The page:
Japanese business pioneer, philanthropist Kazuo Inamori dies at 90
TOKYO — Kazuo Inamori, founder of Japanese ceramics and electronics maker Kyocera who also became a philanthropist singing the virtues of fairness and hard work, has died. He was 90 years old.
Inamori, who also founded major telecommunications company KDDI Corp., died Aug. 24 of natural causes at his home in Kyoto, Kyocera announced Tuesday.
Inamori established Kyocera as an insulator manufacturing company in 1959, with an investment of 3 million yen ($22,000) of his acquaintances.
As he struggled to build his business, Inamori came up with his management philosophy which emphasized people, doing the right thing and what he called “corporate character”, the Japanese equivalent old-fashioned way of professionalism and ethical standards.
His pioneering thoughts for the modernization of Japan were based on the idea that workers and companies should be motivated by pure intentions, not by greed, and ultimately by the desire to serve society.
His ideas covered principles on fair competition, the fair pursuit of profit and the need for managerial transparency, as well as living a virtuous life as an individual, for which he listed six principles: diligence, humility, reflection, gratitude, benevolence and detachment. .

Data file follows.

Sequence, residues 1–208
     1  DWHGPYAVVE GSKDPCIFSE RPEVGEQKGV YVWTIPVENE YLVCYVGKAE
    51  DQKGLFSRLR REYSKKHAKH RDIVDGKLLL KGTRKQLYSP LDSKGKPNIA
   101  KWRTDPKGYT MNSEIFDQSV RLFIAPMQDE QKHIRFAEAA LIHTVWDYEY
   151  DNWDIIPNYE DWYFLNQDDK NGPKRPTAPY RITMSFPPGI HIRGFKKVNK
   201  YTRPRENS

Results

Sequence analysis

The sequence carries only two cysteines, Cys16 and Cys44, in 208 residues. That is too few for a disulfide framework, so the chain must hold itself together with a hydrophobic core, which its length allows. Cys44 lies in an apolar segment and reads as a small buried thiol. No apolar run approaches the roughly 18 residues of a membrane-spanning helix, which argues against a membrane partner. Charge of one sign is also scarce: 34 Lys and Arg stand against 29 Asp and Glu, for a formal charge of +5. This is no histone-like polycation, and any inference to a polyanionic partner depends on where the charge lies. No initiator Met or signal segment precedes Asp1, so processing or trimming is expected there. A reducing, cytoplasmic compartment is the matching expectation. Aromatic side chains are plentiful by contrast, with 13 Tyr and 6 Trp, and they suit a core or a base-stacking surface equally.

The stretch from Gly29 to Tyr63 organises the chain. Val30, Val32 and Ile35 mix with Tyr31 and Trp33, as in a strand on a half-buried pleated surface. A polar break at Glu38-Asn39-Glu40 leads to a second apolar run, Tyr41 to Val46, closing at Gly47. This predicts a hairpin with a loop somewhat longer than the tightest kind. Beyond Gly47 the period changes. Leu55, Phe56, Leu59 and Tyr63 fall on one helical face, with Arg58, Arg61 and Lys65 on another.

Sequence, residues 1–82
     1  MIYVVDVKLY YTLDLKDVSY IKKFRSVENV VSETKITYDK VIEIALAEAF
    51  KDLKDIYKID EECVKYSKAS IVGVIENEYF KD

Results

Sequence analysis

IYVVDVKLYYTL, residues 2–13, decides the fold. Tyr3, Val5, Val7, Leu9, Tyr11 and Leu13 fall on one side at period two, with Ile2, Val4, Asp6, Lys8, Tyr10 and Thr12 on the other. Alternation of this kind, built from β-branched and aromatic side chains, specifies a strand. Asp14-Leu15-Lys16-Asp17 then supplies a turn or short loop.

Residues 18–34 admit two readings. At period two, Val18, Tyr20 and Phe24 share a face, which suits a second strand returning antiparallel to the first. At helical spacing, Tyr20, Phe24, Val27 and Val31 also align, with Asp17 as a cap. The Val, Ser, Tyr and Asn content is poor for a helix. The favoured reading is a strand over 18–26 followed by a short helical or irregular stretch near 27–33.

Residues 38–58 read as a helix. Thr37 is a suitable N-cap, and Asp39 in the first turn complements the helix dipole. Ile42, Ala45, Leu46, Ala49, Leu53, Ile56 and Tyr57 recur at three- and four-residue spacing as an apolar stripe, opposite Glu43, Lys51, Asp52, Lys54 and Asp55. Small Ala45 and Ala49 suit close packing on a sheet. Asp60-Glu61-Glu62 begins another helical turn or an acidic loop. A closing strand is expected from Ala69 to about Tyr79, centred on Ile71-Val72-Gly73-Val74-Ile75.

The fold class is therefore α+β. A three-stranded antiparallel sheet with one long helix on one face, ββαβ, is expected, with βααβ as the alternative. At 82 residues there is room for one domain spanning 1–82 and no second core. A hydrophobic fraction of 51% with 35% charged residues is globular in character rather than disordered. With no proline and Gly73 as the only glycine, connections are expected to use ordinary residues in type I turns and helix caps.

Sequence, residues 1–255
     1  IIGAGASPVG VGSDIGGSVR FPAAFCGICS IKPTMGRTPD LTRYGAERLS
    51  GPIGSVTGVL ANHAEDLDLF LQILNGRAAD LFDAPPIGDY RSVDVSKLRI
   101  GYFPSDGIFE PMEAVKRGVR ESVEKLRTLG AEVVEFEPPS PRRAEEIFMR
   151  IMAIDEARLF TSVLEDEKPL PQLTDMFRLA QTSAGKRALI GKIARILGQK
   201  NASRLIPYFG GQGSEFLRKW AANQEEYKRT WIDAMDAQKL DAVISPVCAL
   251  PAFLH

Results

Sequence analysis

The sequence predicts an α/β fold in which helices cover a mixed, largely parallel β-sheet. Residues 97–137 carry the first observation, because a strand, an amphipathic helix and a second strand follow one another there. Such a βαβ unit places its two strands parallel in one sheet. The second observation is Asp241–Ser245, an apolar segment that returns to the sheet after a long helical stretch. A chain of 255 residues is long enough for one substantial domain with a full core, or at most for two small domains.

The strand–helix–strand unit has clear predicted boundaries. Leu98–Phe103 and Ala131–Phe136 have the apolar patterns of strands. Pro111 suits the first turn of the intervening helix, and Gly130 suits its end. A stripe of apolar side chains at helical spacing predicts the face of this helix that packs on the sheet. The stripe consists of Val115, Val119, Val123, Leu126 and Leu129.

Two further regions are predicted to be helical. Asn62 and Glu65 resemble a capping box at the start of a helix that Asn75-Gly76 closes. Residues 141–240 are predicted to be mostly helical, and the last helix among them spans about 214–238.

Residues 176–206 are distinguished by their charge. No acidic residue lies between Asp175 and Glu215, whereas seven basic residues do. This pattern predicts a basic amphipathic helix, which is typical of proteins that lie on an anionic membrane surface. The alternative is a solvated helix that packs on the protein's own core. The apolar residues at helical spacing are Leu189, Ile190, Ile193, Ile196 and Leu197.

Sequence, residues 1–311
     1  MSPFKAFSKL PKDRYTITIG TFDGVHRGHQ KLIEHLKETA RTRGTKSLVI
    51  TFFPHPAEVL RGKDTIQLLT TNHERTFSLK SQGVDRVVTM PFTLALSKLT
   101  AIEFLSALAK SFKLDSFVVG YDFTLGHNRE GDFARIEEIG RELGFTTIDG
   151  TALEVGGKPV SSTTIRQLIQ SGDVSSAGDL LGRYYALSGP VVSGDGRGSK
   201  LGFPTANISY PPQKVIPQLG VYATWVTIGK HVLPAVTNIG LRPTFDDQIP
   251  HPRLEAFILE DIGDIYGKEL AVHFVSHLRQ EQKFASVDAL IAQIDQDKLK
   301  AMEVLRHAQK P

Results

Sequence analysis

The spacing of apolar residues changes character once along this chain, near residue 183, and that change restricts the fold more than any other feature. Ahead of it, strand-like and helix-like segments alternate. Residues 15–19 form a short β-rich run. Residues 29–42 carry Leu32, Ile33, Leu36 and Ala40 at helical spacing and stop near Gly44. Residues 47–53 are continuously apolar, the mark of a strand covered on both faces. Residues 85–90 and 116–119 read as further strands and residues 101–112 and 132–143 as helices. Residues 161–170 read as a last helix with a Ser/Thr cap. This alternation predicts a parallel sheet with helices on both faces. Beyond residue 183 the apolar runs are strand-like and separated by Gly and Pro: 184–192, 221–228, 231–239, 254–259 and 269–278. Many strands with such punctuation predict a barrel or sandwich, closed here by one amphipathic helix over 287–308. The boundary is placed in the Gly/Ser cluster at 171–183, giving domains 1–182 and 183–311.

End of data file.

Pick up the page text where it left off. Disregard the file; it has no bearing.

“Superiors who seem to agree with their subordinates on every point may seem like loving bosses, but they actually spoil and ruin their employees,” he once wrote.
“True love demands that we seek rigorously to discern what is truly best for others.”
In the 1980s, Inamori established a school called Seiwajyuku to teach his management philosophy at more than 100 locations, about half of them overseas, which claims to have taught about 15,000 business owners and entrepreneurs worldwide .
Inamori also oversaw the recovery from bankruptcy of Japan’s main carrier Japan Airlines, or JAL, in 2010 as a board member.
In 1984, Inamori established his non-profit organization called the Inamori Foundation, which annually awards the Kyoto Prize to recognize humanitarian contributions around the world.
Inamori noted that all living beings, including flowers and animals, simply want to survive, and human beings are no different. To do well, you have to love the work you do, he said repeatedly, so you end up working harder than anyone else.
A private funeral was held with his family. Inamori is survived by his wife Asako and three daughters. An official farewell service may be held later, but details are undecided, Kyocera said.
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